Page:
Is there a difference between “clean” and “simple” ingredients? Are consumers willing to pay more for them? What are the purchase drivers and expectations for “clean” hair care products?
Ingredion conducted a global proprietary consumer research study with a focus on hair care, which consists of hair cleansing/rinse-off (shampoo, conditioner), hair treatments/leave-ins (masks, dry shampoo) and styling products (gel, spray, mousse), using the same methodology as the previous skin care article.
To the surveyed consumers, labels and claims drive purchase intent—and consumers’ perceptions of product efficacy. Consumers often expect hair care products with claims such as “green,” “ethical” and “vegan,” as well as products with short ingredient lists, to perform better than conventional products. Similar to skin care, different consumer segments have different priorities. Male consumers pay closer attention to shampoo ingredient labels (73%) and are more interested in “green” claims, while efficacy is more important to female consumers. Although “natural” is important to consumers across all hair products, it is significantly more important to younger consumers (25-34) that their hair treatment products are “organic” (26%) and “green” (18%), while price is more important to older consumers (45 and older) and those in lower-income households.
Just like in the food and beverage market, “clean” ingredients are one of the most important considerations for consumers when purchasing hair care products. Approximately two-thirds of consumers read ingredient labels and avoid products that are not aligned with “clean” claims. Consumers want to see more “kitchen-like” ingredients, such as plant oils, proteins and even fruit and vegetable juices. In the U.S. alone, more than 20% of consumers are looking specifically for proteins and another 20% of consumers value fruit juices in their hair care products. An even higher percentage of consumers prefer sulfate-free (25%) and paraben-free (36%) products over traditional products.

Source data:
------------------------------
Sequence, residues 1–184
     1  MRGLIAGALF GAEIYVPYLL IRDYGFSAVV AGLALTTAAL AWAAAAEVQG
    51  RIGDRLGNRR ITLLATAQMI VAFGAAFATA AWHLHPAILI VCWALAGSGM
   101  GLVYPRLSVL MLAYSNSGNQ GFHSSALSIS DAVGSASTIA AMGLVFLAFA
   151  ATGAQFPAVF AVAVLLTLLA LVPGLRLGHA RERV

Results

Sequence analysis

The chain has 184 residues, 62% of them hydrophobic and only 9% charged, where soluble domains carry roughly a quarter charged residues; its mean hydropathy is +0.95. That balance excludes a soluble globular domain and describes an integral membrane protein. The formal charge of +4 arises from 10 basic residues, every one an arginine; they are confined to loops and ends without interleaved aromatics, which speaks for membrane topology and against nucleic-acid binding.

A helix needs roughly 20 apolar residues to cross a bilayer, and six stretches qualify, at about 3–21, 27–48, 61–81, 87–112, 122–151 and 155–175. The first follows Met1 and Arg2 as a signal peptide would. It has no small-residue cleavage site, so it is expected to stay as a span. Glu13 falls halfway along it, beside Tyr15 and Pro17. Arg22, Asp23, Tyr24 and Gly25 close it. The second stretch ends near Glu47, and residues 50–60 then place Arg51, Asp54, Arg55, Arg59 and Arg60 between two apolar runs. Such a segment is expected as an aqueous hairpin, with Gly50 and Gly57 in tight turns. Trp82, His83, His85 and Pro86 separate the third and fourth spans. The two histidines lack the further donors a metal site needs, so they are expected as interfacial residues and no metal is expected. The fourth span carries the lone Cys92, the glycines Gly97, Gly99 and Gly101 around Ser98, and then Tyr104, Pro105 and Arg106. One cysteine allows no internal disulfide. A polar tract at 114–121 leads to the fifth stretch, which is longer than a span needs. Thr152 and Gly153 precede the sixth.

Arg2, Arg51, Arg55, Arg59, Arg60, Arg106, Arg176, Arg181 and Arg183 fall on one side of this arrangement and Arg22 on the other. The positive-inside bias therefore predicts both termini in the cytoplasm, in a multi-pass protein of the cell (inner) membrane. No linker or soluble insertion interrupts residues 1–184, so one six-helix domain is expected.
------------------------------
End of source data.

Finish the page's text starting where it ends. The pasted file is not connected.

Additionally, of those surveyed, more than 50% say a “simple” label for hair cleansing products should contain 10 or fewer ingredients. However, many consumers expect that hair treatment products will require more ingredients than shampoo, due to the additional functionality expected of this category.
Price and Usage Insights
Ingredients and label claims matter to modern hair care consumers, but so does price. Two-thirds of global consumers surveyed are only willing to pay up to $14.99 per bottle for shampoos and conditioners, due to an expectation that additional hair styling or treatment products will potentially need to be purchased. The top three hair care purchase drivers are price and ingredients, followed by fragrance. Male consumers are significantly more likely to use multiple products, particularly body cleansing, in addition to hair cleansing and hair treatments, suggesting preference for 3-in-1 products.
Impact of “Clean Beauty” in the Hair Care Market
Our survey found that 76% of consumers are very likely to purchase hair care products in the next six months with “green,” “ethical” or “vegan” claims because they expect that these claims will improve performance, and up to 59% of consumers are willing to pay more for these claims.
Part three of this series will explore additional needs and expectations for “clean beauty” consumers. For more about CLEANgredient™ solutions, visit Ingredion at ingredion.us/beauty.
The above paid-for content was produced by and posted on behalf of the Sponsor. Content provided is generated solely by the Sponsor or its affiliates, and it is the Sponsor’s responsibility for the accuracy, completeness and validity of all information included. Cosmetics & Toiletries takes steps to ensure that you will not confuse sponsored content with content produced by Cosmetics & Toiletries and governed by its editorial policy.